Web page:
By Liz Shepherd
WARSAW — Twelve jury members and two alternates were selected Tuesday, Aug. 4, on the first day of what is expected to be a three-day trial for the sole caregiver of a child who suffered life-threatening injuries.
Jammy Stacy, 43, 611 E. Carlton Ave., Elkhart, is charged with neglect of a dependent, a level 3 felony.
If found guilty, Stacy could face up to 16 years in prison. The advisory sentence is nine years.
Stacy’s attorney is Mari Duerring, South Bend. Representing the state is Chief Deputy Prosecuting Attorney Brad Voelz.
Court documents state that on March 2, 2018, Nappanee Police responded to a report of a child in need of service at 1200 N. Main St. Apartment 103, Nappanee. At that address, officers discovered a boy who was injured and in need of medical attention.
Rune Springer, the child’s mother who lived at the Nappanee address, said she did not cause the injuries to the child, as he had been in Stacy’s care.
One day earlier, Stacy and her mother, Annette Priestley, dropped the child off at Springer’s residence with visible injuries all over his body. The child was then taken to Parkview Hospital in Fort Wayne for treatment. Medical staff said the child had visible injuries in many stages of healing, showing injuries occurring over an extended time period.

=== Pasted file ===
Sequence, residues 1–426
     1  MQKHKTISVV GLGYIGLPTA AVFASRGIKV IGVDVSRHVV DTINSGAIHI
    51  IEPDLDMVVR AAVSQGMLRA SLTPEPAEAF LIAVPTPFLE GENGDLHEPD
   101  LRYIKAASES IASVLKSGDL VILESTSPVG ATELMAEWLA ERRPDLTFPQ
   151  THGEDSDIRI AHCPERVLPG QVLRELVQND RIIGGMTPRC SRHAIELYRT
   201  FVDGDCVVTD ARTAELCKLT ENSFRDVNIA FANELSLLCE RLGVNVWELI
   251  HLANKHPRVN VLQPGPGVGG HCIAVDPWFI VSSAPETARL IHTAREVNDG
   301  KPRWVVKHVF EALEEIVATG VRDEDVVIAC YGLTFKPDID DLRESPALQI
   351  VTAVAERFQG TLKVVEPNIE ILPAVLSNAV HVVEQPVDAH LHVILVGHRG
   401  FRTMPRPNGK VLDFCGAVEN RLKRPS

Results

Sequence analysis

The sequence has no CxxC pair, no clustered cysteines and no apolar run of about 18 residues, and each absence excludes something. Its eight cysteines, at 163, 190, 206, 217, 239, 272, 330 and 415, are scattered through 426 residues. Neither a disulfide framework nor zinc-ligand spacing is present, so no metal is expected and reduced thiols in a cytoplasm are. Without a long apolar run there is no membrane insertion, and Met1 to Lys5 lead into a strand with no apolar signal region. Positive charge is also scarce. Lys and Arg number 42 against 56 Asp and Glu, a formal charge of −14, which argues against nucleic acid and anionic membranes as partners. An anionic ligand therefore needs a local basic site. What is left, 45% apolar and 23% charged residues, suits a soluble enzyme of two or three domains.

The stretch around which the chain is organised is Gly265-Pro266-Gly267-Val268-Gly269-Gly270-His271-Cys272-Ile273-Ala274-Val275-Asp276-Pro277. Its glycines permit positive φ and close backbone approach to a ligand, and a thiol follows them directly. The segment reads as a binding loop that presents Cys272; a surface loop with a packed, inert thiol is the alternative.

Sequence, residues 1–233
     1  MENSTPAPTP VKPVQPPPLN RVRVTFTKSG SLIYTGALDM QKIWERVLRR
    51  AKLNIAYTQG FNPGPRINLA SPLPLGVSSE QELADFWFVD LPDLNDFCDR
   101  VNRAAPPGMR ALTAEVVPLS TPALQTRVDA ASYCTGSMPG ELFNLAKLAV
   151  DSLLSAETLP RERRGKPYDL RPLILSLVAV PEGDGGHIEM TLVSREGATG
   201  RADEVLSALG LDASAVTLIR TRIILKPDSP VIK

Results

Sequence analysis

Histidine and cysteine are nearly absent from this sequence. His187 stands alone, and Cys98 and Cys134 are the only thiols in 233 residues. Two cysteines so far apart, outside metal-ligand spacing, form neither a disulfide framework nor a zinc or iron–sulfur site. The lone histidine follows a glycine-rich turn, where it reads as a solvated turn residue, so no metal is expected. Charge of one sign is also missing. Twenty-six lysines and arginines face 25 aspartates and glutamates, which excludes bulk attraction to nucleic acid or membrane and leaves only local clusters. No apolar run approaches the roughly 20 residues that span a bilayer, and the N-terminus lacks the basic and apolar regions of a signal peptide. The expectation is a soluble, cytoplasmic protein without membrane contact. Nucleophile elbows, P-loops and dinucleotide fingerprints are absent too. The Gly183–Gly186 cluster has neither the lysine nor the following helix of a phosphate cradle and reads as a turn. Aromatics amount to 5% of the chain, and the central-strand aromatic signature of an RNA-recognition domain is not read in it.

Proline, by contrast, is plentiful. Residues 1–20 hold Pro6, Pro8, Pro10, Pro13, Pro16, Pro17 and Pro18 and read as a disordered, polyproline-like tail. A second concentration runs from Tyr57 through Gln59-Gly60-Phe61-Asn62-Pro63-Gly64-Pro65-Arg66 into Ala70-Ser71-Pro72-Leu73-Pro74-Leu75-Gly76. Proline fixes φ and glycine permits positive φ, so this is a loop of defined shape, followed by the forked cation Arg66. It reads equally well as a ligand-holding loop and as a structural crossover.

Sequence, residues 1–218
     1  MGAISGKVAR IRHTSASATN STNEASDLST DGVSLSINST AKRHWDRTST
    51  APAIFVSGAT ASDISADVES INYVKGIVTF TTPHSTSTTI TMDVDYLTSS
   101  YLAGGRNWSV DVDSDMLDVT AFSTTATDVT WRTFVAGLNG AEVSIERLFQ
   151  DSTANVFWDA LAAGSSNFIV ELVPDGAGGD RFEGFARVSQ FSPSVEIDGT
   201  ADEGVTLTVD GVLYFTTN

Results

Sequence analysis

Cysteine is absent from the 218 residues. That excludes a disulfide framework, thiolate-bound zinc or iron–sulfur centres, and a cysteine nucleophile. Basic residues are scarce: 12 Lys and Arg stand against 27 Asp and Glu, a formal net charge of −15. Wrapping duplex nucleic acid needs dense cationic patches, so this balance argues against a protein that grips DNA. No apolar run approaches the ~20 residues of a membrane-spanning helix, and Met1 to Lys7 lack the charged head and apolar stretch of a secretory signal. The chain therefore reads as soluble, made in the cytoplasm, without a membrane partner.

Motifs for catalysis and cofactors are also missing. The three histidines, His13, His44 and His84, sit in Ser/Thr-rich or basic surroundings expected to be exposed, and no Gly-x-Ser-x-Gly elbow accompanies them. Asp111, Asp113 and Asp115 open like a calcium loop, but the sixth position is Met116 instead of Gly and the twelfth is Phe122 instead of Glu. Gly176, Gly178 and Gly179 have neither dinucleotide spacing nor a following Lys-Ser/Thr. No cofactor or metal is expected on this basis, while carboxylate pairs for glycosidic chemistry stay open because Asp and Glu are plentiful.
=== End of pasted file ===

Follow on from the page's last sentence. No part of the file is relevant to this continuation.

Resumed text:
The child had multiple pieces of his scalp missing, ranging from 1/2 inch to 2 inches. His septum on his nose had been cut out, and what appeared to be fingernail marks were dug into his left cheek and scabbed over. Both of the child’s arms were broken in multiple places and his arm sockets were broken to the point where the child was unable to raise his hands over his shoulders.
His teeth were broken from trauma and his lower lip had been cut deep. The child was also underweight and malnourished. His injuries appeared to range from several months old to a few days old.
According to court documents, officers spoke with Dr. Jayesh Patel, who said the child’s injuries were life-threatening and not accidental in nature. Dr. Patel said if the child didn’t receive treatment at that point, he would have died within 48 hours.
The broken bones in the child’s arms appeared to be less than six months old. His head injuries caused bleeding on the brain.
In October 2017, Springer had taken the child to Stacy to live with her. Stacy said she was the sole caregiver for the child from October 2017 until March 1, 2018. She said the child would spend the night occasionally with her aunt, Fayette Robinette. Stacy said she knew she should have gotten the child medical attention for his injuries and would have if the injuries would have been to her own son.
Stacy also gave consent for officers to search her phone. They discovered photographs of the child, proving that his injuries occurred in the time period where Stacy was the sole caregiver. The timestamps also show that Robinette and Priestley would have had contact with the child in the time his injuries were visible and took no action to seek medical help for the child.
Robinette and Priestley are co-defendants in this matter, with their cases still pending.
Jury selection started this morning in Kosciusko Superior Court One, with Judge David Cates presiding. To adhere to social distancing guidelines, potential jurors were brought over from the Kosciusko County Purdue Extension office to the Kosciusko County Justice Building. During the selection process, the courtroom and office were connected via video conferencing. All potential jurors also wore masks.